Gillespie, Richard. 1992. Manufacturing Knowledge: A History of the Hawthorne Experiments.
The author researches the history of Elton Mayo's Hawthorne Experiment. Gillespie presents a good example of the lessons drawn from the experiment and supports the experiment as an objective scientific method. Although he is supportive of the human relations concept of encouraging employee involvement in the workplace, he also feels that a certain amount of control and order is required by management.
Sarachek, Bernard. (1968) "Elton Mayo's Social Psychology and Human Relations." Academy of Management Journal.
The author focuses on Mayo's two assumptions: people are inclined to form social alliances in order to perform productively with one another and that changes in one's working environment can improve ones mind and their relationships with other. It focuses on the limitations of Mayo's assumptions which are thought to be limited in thoroughly exploring human behavior in different aspects of society.
O' Connor, Ellen S. (1999) "The Politics of Management Thought: A Case Study of the Harvard Business School and the Human Relations School." Academy of Management Review.
This article focuses on how the development of Human Relations School at the Harvard Business School under Elton Mayo (and Wallace Donham). It discusses how Mayo used politics and social sciences to shape the history of current management by providing business leaders with solutions to management-labor conflicts without affecting managerial control. He addressed numerous issues that affected management during World War I by applying his knowledge of politics, sociology and industry.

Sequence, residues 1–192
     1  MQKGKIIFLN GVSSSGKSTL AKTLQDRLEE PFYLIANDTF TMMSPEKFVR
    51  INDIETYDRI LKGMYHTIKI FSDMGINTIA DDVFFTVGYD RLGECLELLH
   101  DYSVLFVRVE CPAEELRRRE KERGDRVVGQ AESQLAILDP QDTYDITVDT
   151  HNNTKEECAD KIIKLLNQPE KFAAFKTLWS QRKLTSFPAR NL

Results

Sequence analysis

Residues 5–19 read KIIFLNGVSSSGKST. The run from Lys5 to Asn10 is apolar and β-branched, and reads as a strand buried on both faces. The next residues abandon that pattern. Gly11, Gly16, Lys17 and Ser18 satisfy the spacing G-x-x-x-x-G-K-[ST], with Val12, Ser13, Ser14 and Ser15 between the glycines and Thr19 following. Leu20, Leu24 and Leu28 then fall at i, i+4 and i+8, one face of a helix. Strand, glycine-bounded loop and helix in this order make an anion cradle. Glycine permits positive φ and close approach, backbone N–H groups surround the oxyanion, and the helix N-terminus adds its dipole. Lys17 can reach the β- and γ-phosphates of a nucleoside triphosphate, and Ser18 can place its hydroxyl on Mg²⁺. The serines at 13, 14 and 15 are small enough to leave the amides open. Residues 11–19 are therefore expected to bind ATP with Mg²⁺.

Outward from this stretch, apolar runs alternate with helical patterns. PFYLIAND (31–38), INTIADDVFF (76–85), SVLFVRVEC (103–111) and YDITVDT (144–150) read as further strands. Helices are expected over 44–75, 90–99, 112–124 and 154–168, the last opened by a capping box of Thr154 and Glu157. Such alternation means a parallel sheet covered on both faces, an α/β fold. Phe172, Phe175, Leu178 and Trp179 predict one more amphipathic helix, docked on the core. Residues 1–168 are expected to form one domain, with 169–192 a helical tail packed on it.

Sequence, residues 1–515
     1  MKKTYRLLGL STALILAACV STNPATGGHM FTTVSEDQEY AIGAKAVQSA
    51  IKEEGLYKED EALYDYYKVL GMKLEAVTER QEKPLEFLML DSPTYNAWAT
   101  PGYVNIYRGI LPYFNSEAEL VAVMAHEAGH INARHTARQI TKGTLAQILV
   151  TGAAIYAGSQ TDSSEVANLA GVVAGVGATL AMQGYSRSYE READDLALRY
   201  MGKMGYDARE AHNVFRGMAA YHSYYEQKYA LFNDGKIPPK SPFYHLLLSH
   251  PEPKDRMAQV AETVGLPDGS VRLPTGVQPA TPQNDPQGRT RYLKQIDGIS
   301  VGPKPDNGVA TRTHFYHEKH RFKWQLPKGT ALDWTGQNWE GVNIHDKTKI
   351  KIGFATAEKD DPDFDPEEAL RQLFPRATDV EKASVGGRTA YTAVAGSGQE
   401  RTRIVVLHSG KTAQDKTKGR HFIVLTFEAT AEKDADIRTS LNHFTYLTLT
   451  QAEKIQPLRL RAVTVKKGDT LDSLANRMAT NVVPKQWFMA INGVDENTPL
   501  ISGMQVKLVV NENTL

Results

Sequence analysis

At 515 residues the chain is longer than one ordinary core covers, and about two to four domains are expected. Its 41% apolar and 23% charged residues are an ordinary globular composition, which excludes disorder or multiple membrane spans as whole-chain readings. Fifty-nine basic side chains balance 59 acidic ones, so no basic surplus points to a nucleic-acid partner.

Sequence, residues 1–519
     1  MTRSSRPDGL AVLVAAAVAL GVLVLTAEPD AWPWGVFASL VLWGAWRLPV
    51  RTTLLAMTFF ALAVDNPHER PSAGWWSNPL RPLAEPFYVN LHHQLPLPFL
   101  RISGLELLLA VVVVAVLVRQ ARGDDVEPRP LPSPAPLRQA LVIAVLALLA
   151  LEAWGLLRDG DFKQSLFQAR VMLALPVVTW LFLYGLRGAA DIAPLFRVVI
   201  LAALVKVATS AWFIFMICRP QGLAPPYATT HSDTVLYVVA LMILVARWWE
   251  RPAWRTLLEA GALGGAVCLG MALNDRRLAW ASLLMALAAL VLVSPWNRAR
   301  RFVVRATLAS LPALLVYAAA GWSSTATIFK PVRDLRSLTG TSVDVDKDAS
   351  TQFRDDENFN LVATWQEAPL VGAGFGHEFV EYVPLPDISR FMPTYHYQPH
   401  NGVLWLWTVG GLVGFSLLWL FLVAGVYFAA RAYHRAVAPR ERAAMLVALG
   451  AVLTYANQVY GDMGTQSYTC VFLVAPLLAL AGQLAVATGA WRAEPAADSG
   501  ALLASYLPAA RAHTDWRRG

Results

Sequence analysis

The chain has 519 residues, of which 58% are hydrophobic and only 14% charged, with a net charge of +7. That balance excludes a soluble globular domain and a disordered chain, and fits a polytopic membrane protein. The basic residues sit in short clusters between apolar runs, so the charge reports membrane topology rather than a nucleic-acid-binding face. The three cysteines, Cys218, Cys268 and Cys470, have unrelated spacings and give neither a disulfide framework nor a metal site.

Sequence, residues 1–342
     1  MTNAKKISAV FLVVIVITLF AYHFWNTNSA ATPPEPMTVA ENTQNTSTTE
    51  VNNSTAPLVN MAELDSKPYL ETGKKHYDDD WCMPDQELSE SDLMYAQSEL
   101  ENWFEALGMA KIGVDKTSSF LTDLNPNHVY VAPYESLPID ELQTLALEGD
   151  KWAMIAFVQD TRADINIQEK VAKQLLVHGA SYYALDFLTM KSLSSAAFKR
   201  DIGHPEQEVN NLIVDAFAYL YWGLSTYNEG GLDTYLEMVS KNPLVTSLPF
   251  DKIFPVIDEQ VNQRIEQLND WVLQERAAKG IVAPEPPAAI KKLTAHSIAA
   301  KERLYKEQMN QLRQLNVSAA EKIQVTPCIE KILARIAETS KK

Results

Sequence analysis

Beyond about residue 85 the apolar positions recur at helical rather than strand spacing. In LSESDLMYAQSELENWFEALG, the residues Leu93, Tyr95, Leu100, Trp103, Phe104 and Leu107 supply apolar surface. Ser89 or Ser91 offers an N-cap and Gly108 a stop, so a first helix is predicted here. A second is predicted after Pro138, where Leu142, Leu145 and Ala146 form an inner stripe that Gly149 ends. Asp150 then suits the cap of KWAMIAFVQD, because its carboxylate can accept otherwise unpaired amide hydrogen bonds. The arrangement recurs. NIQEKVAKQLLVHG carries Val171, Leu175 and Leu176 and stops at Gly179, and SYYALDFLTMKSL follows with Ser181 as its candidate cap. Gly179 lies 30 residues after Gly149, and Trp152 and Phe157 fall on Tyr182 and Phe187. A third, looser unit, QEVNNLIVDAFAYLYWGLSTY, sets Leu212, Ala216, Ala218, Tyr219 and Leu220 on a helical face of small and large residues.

Mele, Domenec. (2003) "The Challenge of Humanistic Management." Journal of Business Ethics.
The author focuses on the concept of "humanism" and how it relates to management. The humanistic approach which was introduced by Mayo and also further explored by Follett is compared to other management theorists who focused more on scientific...